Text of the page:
le sixième volume des euvres de Molière et le premier volume
Quatre,
Four.
Quatrième, Fourth.

de l'histoire de France de Michelet.
Cing,
Five.
Oinquième,

Fifth.
Six,
Siwr.
Sixième,
Sith.

EXERCISE 36.
Sept,
Seven.
Septième,
Seventh.

1. Is that cinnamon good ? 2. That cinnamon is better than
Huit,
Eight.
Huitième,

Eighth.

yours and your brother's (R. 1]. 3. What day of the month Neuf,

Neuvième,

Ninth.

is it to-day? 4. It is the sixth. 5. Has your father twenty
Dix,
Ten.
Dixième,

Tenth.
Onze,
Eleven
Onzième,

francs? 6. No, Sir, he has only six francs fifty centimes. 7.

Eleventh,
Douze,
Moelve
Douzième,

Telfth.

How many volumes has your work? 8. It has many, it has I reize, Thirteen, Treizième,

Thirteenth.

fifteen. 9. Has the joiner read (lu) the second volume of Quatorze, Fourteen. Quatorzième, Fourteenth.

Michelet's history of France? 10. Yes, Sir, he has read the Quinze, Fifteen.

Quinzième, Fifteenth. second volume (of it). 11. Has your friend, Molière's works? Seize, Sirteen. Seizième,

Sixteenth. 12. He has only two volumes of them. 13. Have you my Dix-sept, Seventeen. Dix-septième, Seventeenth. cloth coat or my velvet coat? 14. We have both. 15. We Dis-buit, Eighteen.

Dix-huitième, Eighteenth. have this and that. 16. How much cinnamon have you? 17. Dix-neuf, Nineteen. Dix-neuvième, Nineteenth.

We have two kilogrammes. 18. How many centimes has the Vingt, Twenty. Vingtième. Twentieth.

merchant? 19. He has twenty-six. 20. Have you the third 5. The cardinal numbers are used, in French for the day of or the fourth place ? 21. I have neither the third nor the the month, except the first, for which the ordinal number pre-fourth, I have the tenth. 22. Are you not ashamed to-day? mier is substituted :

23. No, Sir, I am not ashamed, but I am atraid. 24. Have Le dix août, le cinq juillet, The tenth of August, the fifth of July. you a quarter of a franc 25. No, Sir, but I hare half a frane. Le premier du mois prochain, The first of next month.

26. Have we the sixth of July! 27. No, Sir, we have the 8. The verb avoir, to have, is used actively ( 26 (1)] for fourth of March. 28. Has your uncle sis children? 29. No, the day of the month. The verb être may also be used :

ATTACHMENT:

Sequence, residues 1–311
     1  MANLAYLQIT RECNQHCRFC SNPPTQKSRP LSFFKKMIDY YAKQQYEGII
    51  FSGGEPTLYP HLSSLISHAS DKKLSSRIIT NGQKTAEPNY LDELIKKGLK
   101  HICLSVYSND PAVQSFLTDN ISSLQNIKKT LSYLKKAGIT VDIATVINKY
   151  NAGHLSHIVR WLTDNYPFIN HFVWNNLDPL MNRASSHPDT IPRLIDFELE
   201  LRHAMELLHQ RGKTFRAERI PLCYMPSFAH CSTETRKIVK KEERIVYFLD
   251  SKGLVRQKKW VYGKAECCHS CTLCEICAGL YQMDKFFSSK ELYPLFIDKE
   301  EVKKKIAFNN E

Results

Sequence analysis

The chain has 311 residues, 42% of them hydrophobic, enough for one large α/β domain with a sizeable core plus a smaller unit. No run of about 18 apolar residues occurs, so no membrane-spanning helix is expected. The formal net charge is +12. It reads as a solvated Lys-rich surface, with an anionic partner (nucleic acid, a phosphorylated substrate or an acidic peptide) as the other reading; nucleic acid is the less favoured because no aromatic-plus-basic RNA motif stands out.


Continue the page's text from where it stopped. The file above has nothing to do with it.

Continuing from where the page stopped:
Sir, he has only one. 30. Have you ten kilogrammes of meat ? Quel jour du mois avons vous ? What day of the month have we?

31. I have only five kilogrammes. 32, Is the butcher's meat Nous avons le vingt. We have the twentieth,

good! 33. It (elle) is not very good. 34. How many kilo. C'est aujourd'hui le dix. To-day is the tenth.

grammes have you (of it)? 36. I have only two, but my 7. Before the word onze, the article le or la is not elided. brother has four.

SECTION XIX. [$ 146.) :Nous avons le onze de décembre, We have lüt is) the tenth of December. ally in French, in the same manner

as the

verb to be is used in

1. For the time of the day, the verb être, is used unipersonRésums or EXAMPLES.

English for the same object. The word heure, sing. heures,

plur, represents the English expressions, o'clock, or time, and L'ouvrier a-t-it les outils que vous Has the workman the tools which you must always be expressed. avez ? have 1

Quelle heure est il ?

What o'clock (time) is it? Les maisons que j'ai sont elles aussi Are the houses which I have as good

Il est une heure,

It is one o'clock. boones que celles que vous avez? as those which you have

Il est dix heures.

It is ten, it is ten o'clock. Combien de francs avez vous ? How many francs have you ? Je n'ai que dix francs, mais mon I have only ten francs, but my brother midnight, or twelve at night. Douze heures is never used excep:

2. Midi is used for twelve o'clock in the day, and minuit, for frère en a plus de ringt. Arons nous le quartorze du mois ? Have we the fifteenth day of the in the sense of twelve hours. month!

Est il midi? Est il minuit? Is it noon? Is it midnight? Non, Monsieur, nous n'avons que le No, Sir, we have only the eleventh. 3. Et quart, et demie ($ 84 (2)], answer to the English ex. onze.